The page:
For high-stakes documents, then, it seems worthwhile to invest in editing. I would assume that your first monograph is a high-stakes document, and so I suggest that you seriously consider bringing on an editor to support you with your revisions before you submit your book to your UP of choice. And I think that now is a good time to bring in that editor.

You should hire an editor when …

… you’re so stuck that you end up emailing an advice columnist. Or when you’re so stuck that your progress feels glacial. Or when you’ve lost the spark that used to catalyze your work.

There are two ways to think about when to hire an editor: at a particular point in your manuscript, or at a particular point in your process.

I think it’s worthwhile to hire an editor once you have a first – even a sketchy first – draft, since, as Dr. Leifso notes, the support an editor can provide is often more fundamental than academics realize. Academic editing “is sometimes misunderstood as a picayune exercise unrelated to the content of the manuscript, but it actually reaches into the substance of what the author wants to argue or share, and the good [academic] editor can function almost like a co-thinker with the authors,” says award-winning author and essayist Pamela Haag. “Style issues are rarely only about style,” (2024).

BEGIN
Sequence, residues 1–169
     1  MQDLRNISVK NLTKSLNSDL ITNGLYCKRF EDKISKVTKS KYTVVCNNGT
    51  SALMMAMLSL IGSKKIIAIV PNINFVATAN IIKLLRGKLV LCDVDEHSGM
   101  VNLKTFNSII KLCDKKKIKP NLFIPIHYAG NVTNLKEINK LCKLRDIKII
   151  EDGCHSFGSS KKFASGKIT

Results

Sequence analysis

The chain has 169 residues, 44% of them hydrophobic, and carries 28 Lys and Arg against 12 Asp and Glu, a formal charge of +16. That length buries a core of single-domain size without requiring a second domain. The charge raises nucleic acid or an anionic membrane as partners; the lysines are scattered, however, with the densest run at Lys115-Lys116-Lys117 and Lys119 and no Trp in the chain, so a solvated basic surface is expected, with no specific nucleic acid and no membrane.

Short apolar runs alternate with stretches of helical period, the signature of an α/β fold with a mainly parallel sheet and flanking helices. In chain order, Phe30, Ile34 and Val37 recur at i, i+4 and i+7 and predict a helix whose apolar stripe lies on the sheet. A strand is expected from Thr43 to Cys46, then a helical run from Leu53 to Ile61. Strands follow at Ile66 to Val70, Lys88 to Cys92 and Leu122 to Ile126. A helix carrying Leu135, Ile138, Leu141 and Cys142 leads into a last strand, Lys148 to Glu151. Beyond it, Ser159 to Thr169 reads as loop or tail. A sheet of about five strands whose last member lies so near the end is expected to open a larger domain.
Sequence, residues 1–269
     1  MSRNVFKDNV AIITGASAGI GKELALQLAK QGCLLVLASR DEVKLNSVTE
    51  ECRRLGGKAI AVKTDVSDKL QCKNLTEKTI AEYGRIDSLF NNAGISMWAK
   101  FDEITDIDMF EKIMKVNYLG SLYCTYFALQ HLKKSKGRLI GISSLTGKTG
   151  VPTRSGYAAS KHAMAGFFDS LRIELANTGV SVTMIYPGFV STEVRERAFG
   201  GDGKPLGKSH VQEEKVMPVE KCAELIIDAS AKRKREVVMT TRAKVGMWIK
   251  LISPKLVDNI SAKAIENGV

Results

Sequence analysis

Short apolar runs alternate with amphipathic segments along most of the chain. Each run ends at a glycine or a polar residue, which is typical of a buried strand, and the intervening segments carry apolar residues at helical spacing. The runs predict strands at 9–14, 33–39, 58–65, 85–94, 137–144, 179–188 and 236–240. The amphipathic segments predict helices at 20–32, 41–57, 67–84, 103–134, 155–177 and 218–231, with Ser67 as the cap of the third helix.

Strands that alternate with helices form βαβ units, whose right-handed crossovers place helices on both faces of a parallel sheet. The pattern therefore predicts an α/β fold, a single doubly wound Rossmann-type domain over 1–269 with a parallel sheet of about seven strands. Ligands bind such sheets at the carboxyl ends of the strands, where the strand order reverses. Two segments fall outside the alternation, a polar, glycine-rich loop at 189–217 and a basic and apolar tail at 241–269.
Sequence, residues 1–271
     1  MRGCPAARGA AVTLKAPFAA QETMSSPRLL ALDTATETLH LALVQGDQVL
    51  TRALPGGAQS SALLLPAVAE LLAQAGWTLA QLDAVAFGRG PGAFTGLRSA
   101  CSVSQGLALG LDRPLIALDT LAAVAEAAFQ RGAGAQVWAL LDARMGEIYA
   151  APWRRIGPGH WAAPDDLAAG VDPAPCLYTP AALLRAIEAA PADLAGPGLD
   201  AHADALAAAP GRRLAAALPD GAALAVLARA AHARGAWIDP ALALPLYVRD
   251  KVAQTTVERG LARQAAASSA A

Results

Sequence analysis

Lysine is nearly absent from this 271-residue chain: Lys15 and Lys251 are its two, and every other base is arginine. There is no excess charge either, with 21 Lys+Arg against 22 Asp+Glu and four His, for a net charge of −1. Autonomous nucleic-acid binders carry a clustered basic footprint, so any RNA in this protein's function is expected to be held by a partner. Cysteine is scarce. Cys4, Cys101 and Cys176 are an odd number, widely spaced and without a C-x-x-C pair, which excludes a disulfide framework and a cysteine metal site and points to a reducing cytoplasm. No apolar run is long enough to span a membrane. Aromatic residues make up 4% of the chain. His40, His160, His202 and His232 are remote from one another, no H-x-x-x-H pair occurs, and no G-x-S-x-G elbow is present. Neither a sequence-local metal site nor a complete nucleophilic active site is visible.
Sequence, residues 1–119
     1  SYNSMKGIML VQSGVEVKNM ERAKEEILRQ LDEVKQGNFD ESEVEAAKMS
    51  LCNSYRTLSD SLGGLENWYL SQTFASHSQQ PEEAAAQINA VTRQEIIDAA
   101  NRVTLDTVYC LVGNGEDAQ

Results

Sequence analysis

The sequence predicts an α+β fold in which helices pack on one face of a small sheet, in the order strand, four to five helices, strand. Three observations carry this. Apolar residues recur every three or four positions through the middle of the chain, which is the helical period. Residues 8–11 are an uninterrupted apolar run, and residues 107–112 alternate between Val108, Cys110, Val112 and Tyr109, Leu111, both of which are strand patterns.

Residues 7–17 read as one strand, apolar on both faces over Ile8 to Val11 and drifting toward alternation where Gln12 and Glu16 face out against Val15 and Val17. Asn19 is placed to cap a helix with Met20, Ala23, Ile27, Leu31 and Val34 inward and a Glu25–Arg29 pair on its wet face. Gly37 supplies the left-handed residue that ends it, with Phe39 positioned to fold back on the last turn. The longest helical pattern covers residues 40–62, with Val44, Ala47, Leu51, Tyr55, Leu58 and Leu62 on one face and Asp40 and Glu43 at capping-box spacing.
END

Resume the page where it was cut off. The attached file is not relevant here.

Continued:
Many skilled professional editors have their schedules mapped out full months in advance, so connecting with them early is the best way to secure a spot in their calendar. If you know you want to submit your first manuscript in eight months, then I suggest contacting an editor now, and expecting that it may be August or September before they have availability to begin working with you.